Bees will turn into endangered species due to the persistent decline in populations. These beneficial insects are highly needed for the food produce, and as well as for the manufacturing of organic honey known for its valuable properties.
In the recent years beehives are rapidly disappearing as a result of the use of pesticides, climate changes, and mites.
For that reason, many people knowing the extreme value of bees are trying to preserve their beehives. This hard-working insect provides us with healthy honey, and we should do everything that is in our power to protect it.
One of the keepers of beehives has introduced a homemade beehive on the net which immediately when turned viral became rapidly popular. He provides simple instructions for its making and as a result of this way of making the beehive is properly protected thus ensuring a safe lifespan of the bees:
DIY Safe Beehive
A bottom beehive kit, previously made;
12 big mouth quart-sized jars for the honeycomb;
Jars for the main beehive;
1 piece of 1″ x 1″ x 6′ wood (cutit into 2 pieces to 18″ each for the top frame’s front and back sides);
1 piece of 2″ x 12″ x 6′ wood (cutit into 2 pieces to 18″ each for the front and back);
1 piece of 2″ x 12″ x 6′ wood (cut it into 2 pieces to 22″ each for the sides);
1 piece of 1″ x 1″ x 6′ wood (cutit into 2 pieces to 22″ each for the top frame’s left and right sides);
1 piece of thick plywood cut to 16″ x 20″;
1 can of any dark wood stain
1 box of 1″ wood screws.
The plywood will be used as a frame for the beehive kit, and you can color-stain it as it suits you. After that, drill 12 holes into the 16″ x 20″ piece of plywood, big enough to screw the mason jars into.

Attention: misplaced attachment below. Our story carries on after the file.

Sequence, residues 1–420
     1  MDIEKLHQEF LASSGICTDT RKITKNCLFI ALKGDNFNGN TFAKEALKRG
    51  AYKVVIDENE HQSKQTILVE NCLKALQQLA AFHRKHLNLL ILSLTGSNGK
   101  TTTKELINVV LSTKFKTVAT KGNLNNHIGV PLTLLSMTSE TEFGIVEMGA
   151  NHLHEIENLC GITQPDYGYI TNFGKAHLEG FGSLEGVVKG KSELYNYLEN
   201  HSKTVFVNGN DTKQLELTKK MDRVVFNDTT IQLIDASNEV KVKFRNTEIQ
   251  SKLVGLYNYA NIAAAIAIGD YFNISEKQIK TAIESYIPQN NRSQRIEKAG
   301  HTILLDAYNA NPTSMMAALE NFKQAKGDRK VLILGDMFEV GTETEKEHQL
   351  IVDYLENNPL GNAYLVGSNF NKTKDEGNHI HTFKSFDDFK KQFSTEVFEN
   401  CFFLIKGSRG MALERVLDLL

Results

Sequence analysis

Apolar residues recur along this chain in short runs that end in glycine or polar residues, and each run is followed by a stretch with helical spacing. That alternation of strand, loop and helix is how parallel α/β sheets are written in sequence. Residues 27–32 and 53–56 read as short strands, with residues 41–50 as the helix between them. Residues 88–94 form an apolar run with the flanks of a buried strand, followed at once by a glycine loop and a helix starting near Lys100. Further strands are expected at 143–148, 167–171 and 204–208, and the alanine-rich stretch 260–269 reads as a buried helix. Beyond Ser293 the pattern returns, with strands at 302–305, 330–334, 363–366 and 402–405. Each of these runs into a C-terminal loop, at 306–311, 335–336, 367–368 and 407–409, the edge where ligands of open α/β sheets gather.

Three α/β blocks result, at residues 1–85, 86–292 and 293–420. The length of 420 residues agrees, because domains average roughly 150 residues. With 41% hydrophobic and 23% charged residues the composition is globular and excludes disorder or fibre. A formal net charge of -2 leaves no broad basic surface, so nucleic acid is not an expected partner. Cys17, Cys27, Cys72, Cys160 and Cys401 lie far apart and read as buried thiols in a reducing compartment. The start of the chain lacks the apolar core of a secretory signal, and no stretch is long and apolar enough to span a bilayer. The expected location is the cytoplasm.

Now, make the frame by screwing the four pieces of 18″ and 22″ plywood together. Stain these pieces with the color you want.
Prior twisting the 12 mason jars upside-down into the holesmake sure to follow these steps.
First ensure their sanitization, and thenadd washers or shims into the jars in order to support the weight of the honey. Finally nicely close the jars with lids and place them into the drilled holes. Believe us they will fit perfectly, with less than a 1/16″ gap in between. In the end, put the empty combs or starter strips into the jars, and thenlet the bees enter. The bees will get attracted to the comb, and initiate the process of making honey.
Once the jars have plenty of honey, twist the lids on so that the hard-working bees continue their work while you are harvesting the honey. However, make sure to keep the jars in the shade while harvesting the honey because as aresult of ventilation shortage, the jars will quickly heat up.
This type of beehive will protect your bees from extinction, and they will offer you plenty of honey and thus enjoy its flavor and all its health benefits. Believe us, all this effort is worth it!